Assemble a simple cross cutting jig with a stop block for your table saw. Use it to quickly and accurately make repeat cuts.
The stop block slides on a 1/2-in. dowel.
You'll find it a snap to cut boards to the same length with a sliding, adjustable outrigger stop block attached to your table saw's miter gauge. To make one, you'll need:
First, drill a 1/2-in.-diameter x 2-in.-deep hole in the end of the extension fence. Be sure the drill travels parallel to the sides of the board so the dowel will extend straight and on line with the board. Glue the dowel in the hole.
Next, drill a 1/2-in. dowel hole near the end of the stop block, then saw a slot through the hole from the end for tensioning. Drill a 3/16-in.-diameter hole into the slotted end for the stove bolt. Finally, saw or grind off the bolt head, capture it in the stop block with the washers and wing nuts, and slide the stop block onto the dowel. If it doesn't slide easily, sand down the dowel a little with 80-grit sandpaper to slightly reduce the diameter. Now screw the board to the miter gauge, tighten the stop block at the desired length from the blade, and cut those boards to the exact length you need!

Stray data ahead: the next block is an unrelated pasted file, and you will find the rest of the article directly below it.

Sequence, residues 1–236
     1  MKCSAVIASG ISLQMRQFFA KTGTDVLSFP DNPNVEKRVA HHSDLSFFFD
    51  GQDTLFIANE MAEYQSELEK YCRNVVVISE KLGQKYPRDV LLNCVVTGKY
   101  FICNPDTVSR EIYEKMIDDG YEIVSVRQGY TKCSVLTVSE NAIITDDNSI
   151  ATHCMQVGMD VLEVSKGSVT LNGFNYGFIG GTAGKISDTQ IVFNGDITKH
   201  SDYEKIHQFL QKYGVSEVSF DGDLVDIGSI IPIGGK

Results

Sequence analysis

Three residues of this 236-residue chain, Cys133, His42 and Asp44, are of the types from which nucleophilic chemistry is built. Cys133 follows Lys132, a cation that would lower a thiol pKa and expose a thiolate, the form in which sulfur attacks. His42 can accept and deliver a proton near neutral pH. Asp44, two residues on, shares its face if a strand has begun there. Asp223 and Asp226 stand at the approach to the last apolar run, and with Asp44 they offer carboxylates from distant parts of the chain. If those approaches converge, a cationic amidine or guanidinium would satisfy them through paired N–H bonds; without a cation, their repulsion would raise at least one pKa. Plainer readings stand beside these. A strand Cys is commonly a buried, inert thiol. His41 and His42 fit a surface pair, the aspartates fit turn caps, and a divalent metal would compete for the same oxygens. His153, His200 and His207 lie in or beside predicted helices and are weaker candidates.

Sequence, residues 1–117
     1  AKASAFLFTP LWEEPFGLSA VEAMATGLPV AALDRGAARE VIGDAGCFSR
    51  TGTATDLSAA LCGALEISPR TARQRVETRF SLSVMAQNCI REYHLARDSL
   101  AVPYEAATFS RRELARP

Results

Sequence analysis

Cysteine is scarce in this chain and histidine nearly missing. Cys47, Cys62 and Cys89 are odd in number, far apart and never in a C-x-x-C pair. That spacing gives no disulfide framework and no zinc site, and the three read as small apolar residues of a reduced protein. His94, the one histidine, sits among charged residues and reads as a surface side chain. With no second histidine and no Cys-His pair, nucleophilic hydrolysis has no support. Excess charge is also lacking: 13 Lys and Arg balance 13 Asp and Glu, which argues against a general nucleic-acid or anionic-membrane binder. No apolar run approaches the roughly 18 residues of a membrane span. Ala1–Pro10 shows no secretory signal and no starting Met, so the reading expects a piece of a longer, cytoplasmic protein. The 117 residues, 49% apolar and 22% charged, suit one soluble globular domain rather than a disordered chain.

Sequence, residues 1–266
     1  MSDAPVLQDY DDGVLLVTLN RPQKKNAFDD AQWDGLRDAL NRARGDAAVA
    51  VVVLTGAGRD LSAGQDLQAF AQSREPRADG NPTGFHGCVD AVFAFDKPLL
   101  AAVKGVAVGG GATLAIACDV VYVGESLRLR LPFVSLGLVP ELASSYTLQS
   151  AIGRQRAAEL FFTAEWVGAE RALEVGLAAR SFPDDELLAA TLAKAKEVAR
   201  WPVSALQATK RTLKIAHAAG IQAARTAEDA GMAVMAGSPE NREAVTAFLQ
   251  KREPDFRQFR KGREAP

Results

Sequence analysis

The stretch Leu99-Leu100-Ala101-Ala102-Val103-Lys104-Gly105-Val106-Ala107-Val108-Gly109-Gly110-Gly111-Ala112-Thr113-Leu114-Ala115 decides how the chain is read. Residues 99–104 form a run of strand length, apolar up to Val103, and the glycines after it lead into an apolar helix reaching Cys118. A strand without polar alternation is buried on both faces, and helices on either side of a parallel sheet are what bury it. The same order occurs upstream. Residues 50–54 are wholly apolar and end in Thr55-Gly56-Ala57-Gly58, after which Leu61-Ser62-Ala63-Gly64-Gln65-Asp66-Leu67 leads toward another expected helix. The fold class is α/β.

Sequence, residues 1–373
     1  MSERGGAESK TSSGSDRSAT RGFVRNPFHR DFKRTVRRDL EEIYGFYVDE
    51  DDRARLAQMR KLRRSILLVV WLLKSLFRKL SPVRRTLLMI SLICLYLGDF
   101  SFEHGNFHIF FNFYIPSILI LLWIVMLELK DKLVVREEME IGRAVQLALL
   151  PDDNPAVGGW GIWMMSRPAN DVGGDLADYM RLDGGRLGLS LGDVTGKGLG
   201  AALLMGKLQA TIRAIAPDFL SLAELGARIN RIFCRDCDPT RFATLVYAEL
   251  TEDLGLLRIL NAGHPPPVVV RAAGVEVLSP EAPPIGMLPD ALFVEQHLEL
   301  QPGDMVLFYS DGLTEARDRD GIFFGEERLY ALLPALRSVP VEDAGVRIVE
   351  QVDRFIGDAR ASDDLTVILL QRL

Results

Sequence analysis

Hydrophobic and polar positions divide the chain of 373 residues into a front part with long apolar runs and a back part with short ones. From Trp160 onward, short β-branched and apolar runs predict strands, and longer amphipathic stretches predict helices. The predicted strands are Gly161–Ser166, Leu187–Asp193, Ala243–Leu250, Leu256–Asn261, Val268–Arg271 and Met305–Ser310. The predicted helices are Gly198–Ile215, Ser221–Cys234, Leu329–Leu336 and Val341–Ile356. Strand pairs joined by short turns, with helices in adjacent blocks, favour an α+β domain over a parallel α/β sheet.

If you have several identical cuts to make, a stop block will make it go a lot quicker. Mark Petersen, a carpentry expert at The Family Handyman, will show you how to set up a stop block for your miter saw to save you time.
Have the necessary tools for this DIY project lined up before you start—you’ll save time and frustration.
Avoid last-minute shopping trips by having all your materials ready ahead of time. Here's a list.